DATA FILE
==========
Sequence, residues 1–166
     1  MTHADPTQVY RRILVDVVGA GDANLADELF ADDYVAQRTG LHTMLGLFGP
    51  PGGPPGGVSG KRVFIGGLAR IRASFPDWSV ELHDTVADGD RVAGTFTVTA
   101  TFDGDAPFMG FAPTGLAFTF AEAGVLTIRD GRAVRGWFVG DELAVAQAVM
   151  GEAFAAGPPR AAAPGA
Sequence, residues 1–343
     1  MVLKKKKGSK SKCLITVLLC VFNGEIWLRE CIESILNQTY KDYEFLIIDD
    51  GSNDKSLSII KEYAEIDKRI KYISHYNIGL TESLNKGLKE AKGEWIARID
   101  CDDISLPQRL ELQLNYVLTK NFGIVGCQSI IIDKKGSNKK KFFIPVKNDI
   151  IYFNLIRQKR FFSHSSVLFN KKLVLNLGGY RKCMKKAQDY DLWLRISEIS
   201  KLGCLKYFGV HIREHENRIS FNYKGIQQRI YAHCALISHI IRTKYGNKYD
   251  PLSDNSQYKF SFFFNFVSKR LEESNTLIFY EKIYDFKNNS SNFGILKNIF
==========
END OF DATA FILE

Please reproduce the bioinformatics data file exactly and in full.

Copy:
Sequence, residues 1–166
     1  MTHADPTQVY RRILVDVVGA GDANLADELF ADDYVAQRTG LHTMLGLFGP
    51  PGGPPGGVSG KRVFIGGLAR IRASFPDWSV ELHDTVADGD RVAGTFTVTA
   101  TFDGDAPFMG FAPTGLAFTF AEAGVLTIRD GRAVRGWFVG DELAVAQAVM
   151  GEAFAAGPPR AAAPGA
Sequence, residues 1–343
     1  MVLKKKKGSK SKCLITVLLC VFNGEIWLRE CIESILNQTY KDYEFLIIDD
    51  GSNDKSLSII KEYAEIDKRI KYISHYNIGL TESLNKGLKE AKGEWIARID
   101  CDDISLPQRL ELQLNYVLTK NFGIVGCQSI IIDKKGSNKK KFFIPVKNDI
   151  IYFNLIRQKR FFSHSSVLFN KKLVLNLGGY RKCMKKAQDY DLWLRISEIS
   201  KLGCLKYFGV HIREHENRIS FNYKGIQQRI YAHCALISHI IRTKYGNKYD
   251  PLSDNSQYKF SFFFNFVSKR LEESNTLIFY EKIYDFKNNS SNFGILKNIF